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Bullpen games are fun*: Phillies 17, Cubs 8

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*Provided the offense scores 17 runs in support

Chicago Cubs v Philadelphia Phillies
Bryce Harper had an MVP type of night
Photo by Tim Nwachukwu/Getty Images

It’s a long and winding road that leads a team - let alone a team with a supposed interest in making the playoffs - to utilize a four-man starting rotation. The organizational failure that got us to this point will be discussed at length elsewhere, so let’s just focus on the fact that by only having four starters, every fifth game will be handled by a bullpen committee, and for the Phillies, that fifth game came on Thursday night.

Without a starting pitcher, the Phillies were forced to use seven relievers. Some of them pitched well. Some pitched poorly. One of them pitched exceedingly poorly. In total, they gave up eight runs, which is generally not something that happens in victories. But thanks to Bryce Harper and the rest of the Phillies’ offense, the Phillies were able to overcome the bullpen’s failings, and surged to a 17-8 win over the Chicago Cubs.

This one didn’t seem very “victoryish” early on. Cam Bedrosian and Matt Moore got through the first two innings without damage, but asking Moore to return for a second inning was asking too much. Two walks later, J.D. Hammer was brought into the game.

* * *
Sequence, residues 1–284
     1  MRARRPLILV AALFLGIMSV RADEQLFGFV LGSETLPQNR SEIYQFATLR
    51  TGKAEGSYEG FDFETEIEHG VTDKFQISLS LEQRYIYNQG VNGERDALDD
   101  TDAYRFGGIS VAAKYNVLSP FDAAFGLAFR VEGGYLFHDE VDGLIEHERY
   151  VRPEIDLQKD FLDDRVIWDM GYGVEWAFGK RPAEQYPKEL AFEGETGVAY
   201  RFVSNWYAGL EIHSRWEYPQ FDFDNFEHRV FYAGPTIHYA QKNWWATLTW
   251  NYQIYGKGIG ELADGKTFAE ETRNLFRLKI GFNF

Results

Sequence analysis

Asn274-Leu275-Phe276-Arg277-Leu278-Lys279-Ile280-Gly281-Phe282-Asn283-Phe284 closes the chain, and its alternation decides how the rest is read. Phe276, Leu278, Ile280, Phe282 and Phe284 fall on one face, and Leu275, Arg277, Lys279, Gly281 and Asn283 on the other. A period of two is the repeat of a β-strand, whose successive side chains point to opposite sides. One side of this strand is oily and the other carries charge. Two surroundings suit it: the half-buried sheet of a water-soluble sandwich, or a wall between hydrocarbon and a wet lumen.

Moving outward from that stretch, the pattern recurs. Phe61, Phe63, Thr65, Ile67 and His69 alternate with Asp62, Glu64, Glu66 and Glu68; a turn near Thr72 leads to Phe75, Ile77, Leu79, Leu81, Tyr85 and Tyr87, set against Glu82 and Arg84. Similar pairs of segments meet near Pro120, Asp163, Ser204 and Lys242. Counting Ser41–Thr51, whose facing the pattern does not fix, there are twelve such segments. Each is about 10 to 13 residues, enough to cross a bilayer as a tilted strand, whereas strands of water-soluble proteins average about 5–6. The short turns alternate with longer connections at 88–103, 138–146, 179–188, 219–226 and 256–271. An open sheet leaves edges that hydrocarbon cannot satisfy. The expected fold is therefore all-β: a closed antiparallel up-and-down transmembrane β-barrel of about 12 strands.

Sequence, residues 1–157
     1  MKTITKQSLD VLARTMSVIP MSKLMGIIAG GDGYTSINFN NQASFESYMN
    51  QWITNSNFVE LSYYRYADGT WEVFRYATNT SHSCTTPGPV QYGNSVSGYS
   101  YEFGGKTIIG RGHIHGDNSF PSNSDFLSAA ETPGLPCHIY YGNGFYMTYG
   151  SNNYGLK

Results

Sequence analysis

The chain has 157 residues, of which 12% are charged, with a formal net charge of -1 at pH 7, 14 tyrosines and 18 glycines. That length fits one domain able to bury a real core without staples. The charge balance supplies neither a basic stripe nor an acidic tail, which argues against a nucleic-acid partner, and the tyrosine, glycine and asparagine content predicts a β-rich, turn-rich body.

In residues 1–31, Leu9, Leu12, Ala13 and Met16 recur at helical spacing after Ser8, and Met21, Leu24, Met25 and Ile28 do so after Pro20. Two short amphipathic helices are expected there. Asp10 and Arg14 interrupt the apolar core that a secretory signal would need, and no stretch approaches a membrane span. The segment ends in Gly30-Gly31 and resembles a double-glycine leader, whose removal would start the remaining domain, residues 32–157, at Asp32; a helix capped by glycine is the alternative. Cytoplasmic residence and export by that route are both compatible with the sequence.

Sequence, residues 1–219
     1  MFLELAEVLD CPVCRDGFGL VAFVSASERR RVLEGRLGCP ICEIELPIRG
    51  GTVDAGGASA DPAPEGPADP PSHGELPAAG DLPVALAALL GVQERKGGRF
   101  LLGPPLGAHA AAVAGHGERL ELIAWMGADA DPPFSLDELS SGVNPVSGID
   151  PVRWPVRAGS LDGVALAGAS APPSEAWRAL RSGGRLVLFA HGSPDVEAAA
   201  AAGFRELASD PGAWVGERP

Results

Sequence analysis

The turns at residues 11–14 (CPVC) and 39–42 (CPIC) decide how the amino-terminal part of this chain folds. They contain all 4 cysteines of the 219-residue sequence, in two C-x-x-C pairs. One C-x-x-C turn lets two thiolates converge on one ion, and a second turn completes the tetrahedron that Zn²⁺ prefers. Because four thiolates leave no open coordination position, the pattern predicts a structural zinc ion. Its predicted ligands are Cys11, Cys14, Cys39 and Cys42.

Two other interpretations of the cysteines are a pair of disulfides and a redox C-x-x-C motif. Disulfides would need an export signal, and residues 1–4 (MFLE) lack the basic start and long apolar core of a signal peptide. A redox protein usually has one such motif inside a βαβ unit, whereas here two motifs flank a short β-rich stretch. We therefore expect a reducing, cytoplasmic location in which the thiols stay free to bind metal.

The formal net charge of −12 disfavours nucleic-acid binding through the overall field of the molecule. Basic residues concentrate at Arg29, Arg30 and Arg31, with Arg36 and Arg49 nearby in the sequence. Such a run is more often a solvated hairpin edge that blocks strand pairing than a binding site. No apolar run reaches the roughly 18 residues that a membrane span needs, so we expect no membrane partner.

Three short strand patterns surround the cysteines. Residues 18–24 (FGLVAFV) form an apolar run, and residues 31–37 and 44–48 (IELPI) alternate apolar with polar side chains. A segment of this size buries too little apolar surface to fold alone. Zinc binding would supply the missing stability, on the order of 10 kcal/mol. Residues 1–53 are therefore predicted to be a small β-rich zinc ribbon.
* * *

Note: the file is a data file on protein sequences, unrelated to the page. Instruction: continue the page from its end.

It was certainly “Hammer time” on Thursday night, and by that, I mean that the Cubs batters were hammering his pitches all over the ballpark. (Or at least the ones that he didn’t walk or hit with a pitch.) The Phillies have made a lot of sub-par hitters into homerun heroes lately, and for the second time this series, it was Matt Duffy’s turn.

By the time the third inning was over, the Phillies were down 7-0, and most fans likely decided to see how the Giants-Football Team game was going. But if there’s one thing we’ve learned this series, it’s that the Phillies are never out of a game (Provided they’re facing a bad team that traded away most of their good players in deadline deals).

In the bottom of the fourth, the Phillies erased the deficit. To nobody’s surprise, one of the key figures in the comeback was Bryce Harper. Harper led off the inning with a double, and when his turn in the order came up again in the inning, he walked. But for once, he wasn’t the only one showing competence. The Phillies had five hits in the inning, and sent twelve men to the plate in scoring seven runs.

Harper and the Phillies were just getting started. His RBI double in the sixth gave the team the lead, and Didi Gregorius knocked in two more with a single.

Y’all thought Bryce was finished? Nope. He gave the MVP voters something else to think about in the seventh:

A nice little 3-4, two walk, four RBI night for Harper that likely earned him another vote or two.

By the time the Phillies were done, they had scored 17 runs, and established a nine-run lead that even their bullpen was unable to blow.

The Phillies will now head to New York for a weekend series, and they have three actual starting pitchers scheduled to pitch. That is no guarantee of success, but it also means they probably won’t need to depend on 17-run showings from their offense in order to win the game. That said, I don’t think anyone would complain much if they do it again.